IN RE RURAL AREA ORDINANCE, 1949 and IN RE DECISION OF RETURNING OFFICER
Supreme Court (Kingsley, J.): December 14th, 1950 (Civil Case No. 228/50) g
- Local Government—elections—election petitions—security for costs— Rural Area Ordinance, 1949, s.37(l) imperative and absolute—failure to give security as required renders petition invalid: Sub-section (1) of s.37 of the Rural Area Ordinance, 1949 is imperative and absolute
in providing that a petitioner “shall give security for costs” at the 10
time of presenting an election petition or within three days afterwards, and therefore non-compliance with this procedure renders the petition invalid (page 86, lines 27-31).
- Statutes—operation—mandatory and directory enactments—Rural Area Ordinance, 1949, s.37(l) imperative and absolute: See  above. jg
The petitioners petitioned against the validity of an election held under the Rural Area Ordinance. 1949.
The petitioners did not, at the time of filing the petition, give security for all costs, charges and expenses payable to any witnesses or respondents, as they were required to do by s.37(l) of the Rural Area Ordinance. At the hearing of the petition the petitioners asked for an adjournment to enable them to take out the necessary summons. The respondents objected on the ground that s.37(l) was imperative and absolute in the procedure it laid down, and therefore the petition should be struck off the file.
Case referred to:
(1) Everett v. Griffiths (No. 2),  1 K.B. J30; (1922), 128 L.T. 350, applied. g0
Rural Area Ordinance, 1949 (No. 11 of 1949), s.37(l):
The relevant terms of this section are set out at page 86, lines 21-24.
J.B. Marcus-Jones and Edmondson for the petitioners; ^5
Cole and Wilson for the respondents.
This is a petition against the validity of an election held on
June 1st, 1950 in the village of Goderich under the Rural Area 40
Ordinance, 1949, and was presented on July 6th, 1950. Its contents
are beside the immediate point. When the petition was called on for hearing, Mr. Edmondson for the petitioners called my attention to the fact that they had not complied with s.37(l,) of the aforementioned Ordinance, and he asked for an adjournment to enable him to take out the necessary summons. Mr. Cole for the respondents submitted that the section is mandatory and could not be got round. For the information of counsel I would point out that strictly speaking the more correct procedure was for the petitioners’ counsel to have taken out a summons in chambers. However, I granted Mr. Edmondson a further adjournment to enable him to fortify himself, if this were possible, with some authority whereby I might grant his application. I should say that I did so only out of sympathy with his unfortunate clients. Had they had the intelligence to go to a properly qualified person in the first place, their difficulty would never have arisen. Instead however they chose to go to one of the quack lawyers with whom this area seems at times to be infested, and they have suffered accordingly. They sought Mr. Edmondson’s advice only when the mistake their quack adviser had made was, as I shall indicate, beyond repair.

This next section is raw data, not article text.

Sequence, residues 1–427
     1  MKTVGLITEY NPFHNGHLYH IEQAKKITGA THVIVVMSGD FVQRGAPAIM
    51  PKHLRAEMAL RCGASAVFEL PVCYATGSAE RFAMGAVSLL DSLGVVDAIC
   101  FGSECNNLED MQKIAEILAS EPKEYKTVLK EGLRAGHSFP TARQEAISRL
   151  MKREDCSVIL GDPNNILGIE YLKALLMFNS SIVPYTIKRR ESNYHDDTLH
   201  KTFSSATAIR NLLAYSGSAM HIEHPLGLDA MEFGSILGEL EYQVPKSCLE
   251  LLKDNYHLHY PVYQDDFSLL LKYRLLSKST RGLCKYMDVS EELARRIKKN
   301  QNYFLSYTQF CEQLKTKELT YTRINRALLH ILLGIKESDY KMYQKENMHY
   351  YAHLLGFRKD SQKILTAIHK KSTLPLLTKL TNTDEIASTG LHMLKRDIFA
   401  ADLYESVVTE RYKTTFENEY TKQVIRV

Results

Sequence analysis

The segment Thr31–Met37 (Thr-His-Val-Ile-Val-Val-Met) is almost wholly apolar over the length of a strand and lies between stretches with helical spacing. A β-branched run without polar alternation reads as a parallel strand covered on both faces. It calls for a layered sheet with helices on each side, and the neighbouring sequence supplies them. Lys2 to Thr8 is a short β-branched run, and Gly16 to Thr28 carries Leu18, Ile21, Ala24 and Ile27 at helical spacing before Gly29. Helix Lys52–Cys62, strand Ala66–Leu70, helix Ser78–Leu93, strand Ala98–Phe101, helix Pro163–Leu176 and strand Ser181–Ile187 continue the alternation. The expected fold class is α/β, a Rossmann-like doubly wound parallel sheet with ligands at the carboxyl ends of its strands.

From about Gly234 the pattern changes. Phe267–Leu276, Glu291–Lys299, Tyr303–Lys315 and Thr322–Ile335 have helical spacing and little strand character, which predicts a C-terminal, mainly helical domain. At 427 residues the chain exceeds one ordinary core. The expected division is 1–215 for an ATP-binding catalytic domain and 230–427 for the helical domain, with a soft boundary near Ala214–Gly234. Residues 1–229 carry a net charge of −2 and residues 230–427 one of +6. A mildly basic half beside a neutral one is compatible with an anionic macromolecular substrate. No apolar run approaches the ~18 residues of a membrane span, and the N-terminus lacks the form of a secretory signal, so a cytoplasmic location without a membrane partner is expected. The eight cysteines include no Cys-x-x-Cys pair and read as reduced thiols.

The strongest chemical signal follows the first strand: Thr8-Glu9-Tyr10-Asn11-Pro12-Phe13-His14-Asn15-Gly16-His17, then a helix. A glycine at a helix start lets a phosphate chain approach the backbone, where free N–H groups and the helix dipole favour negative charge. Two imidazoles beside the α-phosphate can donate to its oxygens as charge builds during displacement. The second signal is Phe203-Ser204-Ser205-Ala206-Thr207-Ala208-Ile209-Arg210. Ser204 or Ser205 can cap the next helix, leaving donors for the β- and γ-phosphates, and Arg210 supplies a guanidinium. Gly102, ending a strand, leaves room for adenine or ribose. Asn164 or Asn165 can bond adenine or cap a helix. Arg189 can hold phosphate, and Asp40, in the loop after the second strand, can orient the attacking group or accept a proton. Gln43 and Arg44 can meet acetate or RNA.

The sub-section against which the petitioners have offended reads: “At the time of presenting an election petition or within three days afterwards, the petitioner shall give security for all costs, charges and expenses which may become payable by him to any witness summoned on his behalf or to any respondent.” No such security has been given and the question I have now to answer is—“Can it be given now?” The answer must quite clearly be in the negative. Our sub-section is a precise replica of s.89(l) of the Municipal Corporations Act, 1889, which is the Act which deals with these matters in England; and in Everett v. Griffiths (No. 2) (1) it was held that the section was “imperative and absolute.” In that case the petition was ordered to be struck off the file, and it is significant that not only had the petitioner been admitted as a poor person to take the proceedings, and not only had the respondents been duly informed of this fact, but in addition the respondents by their summons made in fact an alternative application. They applied that the judge should strike the petition off the file on the ground of the petitioner’s failure to lodge a security for costs pursuant to the section I have quoted, or alternatively that he should order the petitioner forthwith to lodge a security pursuant to the section, and that until he did so all further proceedings should be stayed.
The granting of this alternative request would in this present case
have satisfied Mr. Edmondson. It is almost precisely what he was asking for the petitioners, namely, an opportunity to deal with the question of security. The trial judge however decided, as I have indicated, that the sub-section was, to quote his words, “imperative and absolute ’’and non-compliance with it was equally fatal even where 5 the offender had been admitted to commence the proceedings as a poor person. His decision was subsequently confirmed on appeal. No question in this case before me arises of the petitioners’ means, even if that were of relevance. It is purely and simply a question of some misguided citizens of Goderich having relied on somebody 10 who was not as clever as he thought and who badly let them down. They have my sympathy for what it is worth, but in the circumstances I have no option but to order that the petition be struck off the file and that the petitioners pay the respondents’ costs.
Petition struck off.